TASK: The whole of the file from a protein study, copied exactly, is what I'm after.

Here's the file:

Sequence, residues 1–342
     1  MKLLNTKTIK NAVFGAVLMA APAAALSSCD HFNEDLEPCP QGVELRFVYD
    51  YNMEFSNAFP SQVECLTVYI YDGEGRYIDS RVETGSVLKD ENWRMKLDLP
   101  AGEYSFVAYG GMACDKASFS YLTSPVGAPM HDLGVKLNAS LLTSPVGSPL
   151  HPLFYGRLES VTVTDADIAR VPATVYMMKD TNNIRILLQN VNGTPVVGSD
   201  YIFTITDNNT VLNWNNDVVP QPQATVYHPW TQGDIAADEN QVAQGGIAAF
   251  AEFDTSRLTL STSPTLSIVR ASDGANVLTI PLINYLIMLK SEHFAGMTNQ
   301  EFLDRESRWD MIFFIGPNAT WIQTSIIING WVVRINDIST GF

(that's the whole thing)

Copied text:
Sequence, residues 1–342
     1  MKLLNTKTIK NAVFGAVLMA APAAALSSCD HFNEDLEPCP QGVELRFVYD
    51  YNMEFSNAFP SQVECLTVYI YDGEGRYIDS RVETGSVLKD ENWRMKLDLP
   101  AGEYSFVAYG GMACDKASFS YLTSPVGAPM HDLGVKLNAS LLTSPVGSPL
   151  HPLFYGRLES VTVTDADIAR VPATVYMMKD TNNIRILLQN VNGTPVVGSD
   201  YIFTITDNNT VLNWNNDVVP QPQATVYHPW TQGDIAADEN QVAQGGIAAF
   251  AEFDTSRLTL STSPTLSIVR ASDGANVLTI PLINYLIMLK SEHFAGMTNQ
   301  EFLDRESRWD MIFFIGPNAT WIQTSIIING WVVRINDIST GF